In 2016, a withholding tax of 10 per cent on the sale of a home by foreign investors was introduced for properties selling at $2 million-plus.
That has been reduced to $750,000 sale price as from 01/07/2017 and withholding rate increased to 12.5%.
But some expats who do decide to sell their home once they've moved overseas will also be required to pay a chunk of their capital gains to the Tax Office when they sell and lose their main residence capital gains tax exemption.An Australian Taxation Office spokesperson confirmed Australian citizenship did not necessarily preclude expats from being required to pay the foreign investment charges.
"In some cases an Australian citizen who lives outside Australia may not be a resident for Australian tax purposes, particularly if they have been living outside Australia for an extended period," the spokesperson said."In these cases, the Australian citizen may be a foreign investor for the purposes of these provisions and will not be granted a clearance certificate from the ATO if they apply. They will then have tax withheld on the sale of their property."
Overseas students enrolled in courses more than six months long at Australian institutions are also seen as residents under this definition.A spokesman for Treasury said there was "no separate estimate of the gain to revenue attributable to Australian citizens".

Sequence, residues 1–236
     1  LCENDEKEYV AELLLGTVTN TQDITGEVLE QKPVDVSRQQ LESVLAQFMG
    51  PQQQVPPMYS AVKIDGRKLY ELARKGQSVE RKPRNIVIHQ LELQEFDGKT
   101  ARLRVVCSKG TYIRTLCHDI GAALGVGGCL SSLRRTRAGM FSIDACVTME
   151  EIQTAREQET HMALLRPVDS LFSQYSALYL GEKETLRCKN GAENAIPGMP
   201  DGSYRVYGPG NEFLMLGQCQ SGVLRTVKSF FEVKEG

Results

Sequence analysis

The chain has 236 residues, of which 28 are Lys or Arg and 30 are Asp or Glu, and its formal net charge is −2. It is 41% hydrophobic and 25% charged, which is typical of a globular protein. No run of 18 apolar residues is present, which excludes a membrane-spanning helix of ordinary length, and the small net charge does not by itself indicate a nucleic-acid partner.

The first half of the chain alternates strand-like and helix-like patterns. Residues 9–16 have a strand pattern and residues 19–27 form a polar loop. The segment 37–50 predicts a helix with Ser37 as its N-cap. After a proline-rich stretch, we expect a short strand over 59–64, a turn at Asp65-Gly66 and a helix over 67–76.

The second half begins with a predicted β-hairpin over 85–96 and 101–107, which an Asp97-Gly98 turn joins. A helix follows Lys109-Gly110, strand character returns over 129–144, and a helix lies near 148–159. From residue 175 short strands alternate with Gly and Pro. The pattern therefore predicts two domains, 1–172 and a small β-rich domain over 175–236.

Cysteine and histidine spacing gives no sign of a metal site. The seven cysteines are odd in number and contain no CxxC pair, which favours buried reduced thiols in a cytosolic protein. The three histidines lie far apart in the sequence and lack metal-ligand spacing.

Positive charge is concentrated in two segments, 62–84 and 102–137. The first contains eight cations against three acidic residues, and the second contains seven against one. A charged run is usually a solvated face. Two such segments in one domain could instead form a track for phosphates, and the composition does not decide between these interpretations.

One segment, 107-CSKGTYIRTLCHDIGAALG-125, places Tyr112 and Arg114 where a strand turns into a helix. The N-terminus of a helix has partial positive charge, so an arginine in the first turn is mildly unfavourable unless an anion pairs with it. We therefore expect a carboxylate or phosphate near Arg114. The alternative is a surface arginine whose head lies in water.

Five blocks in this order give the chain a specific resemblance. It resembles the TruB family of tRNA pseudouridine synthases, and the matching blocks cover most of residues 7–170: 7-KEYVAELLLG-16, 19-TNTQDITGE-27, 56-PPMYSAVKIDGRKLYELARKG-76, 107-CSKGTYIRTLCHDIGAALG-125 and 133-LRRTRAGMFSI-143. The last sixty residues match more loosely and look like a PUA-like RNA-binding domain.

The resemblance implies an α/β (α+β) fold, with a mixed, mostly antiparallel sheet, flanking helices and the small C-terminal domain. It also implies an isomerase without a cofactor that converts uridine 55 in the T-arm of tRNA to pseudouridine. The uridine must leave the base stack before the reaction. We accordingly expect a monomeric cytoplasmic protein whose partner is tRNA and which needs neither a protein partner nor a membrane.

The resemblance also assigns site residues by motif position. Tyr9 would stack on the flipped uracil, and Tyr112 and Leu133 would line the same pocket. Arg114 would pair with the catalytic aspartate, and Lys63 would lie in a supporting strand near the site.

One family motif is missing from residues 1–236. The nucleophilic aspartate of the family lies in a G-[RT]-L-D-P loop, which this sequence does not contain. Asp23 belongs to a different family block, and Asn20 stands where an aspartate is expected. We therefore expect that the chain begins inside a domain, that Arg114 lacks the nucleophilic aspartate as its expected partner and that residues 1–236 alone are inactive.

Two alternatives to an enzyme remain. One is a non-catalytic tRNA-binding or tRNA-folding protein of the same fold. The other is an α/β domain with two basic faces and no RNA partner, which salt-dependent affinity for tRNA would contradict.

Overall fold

He said individuals returning to Australia and re-establishing their tax residency "will not be affected" when they sell.An expat with a $1 million property would only receive $875,000 after the 12.5 per cent withholding rate was paid to the ATO, Richie Muir, legal director of conveyancing company Lawlab, said.
The main residence capital gains tax exemption has also been stopped for foreign and temporary tax residents though those who held property before the Budget announcement are allowed to claim the exemption until 30 June 2019."Changes to the law mean expats need to think twice before selling property in Australia whilst living offshore," Mr Muir said.
"Sell your home before you leave Australia or after you have returned to keep your principal place of residence CGT exemption."
Only a resident taxpayer can obtain a clearance certificate and all others are subject to withholding of up to the 12.5 per cent.
This means that you get the 'real' valuation of your real estate with no hidden agendas.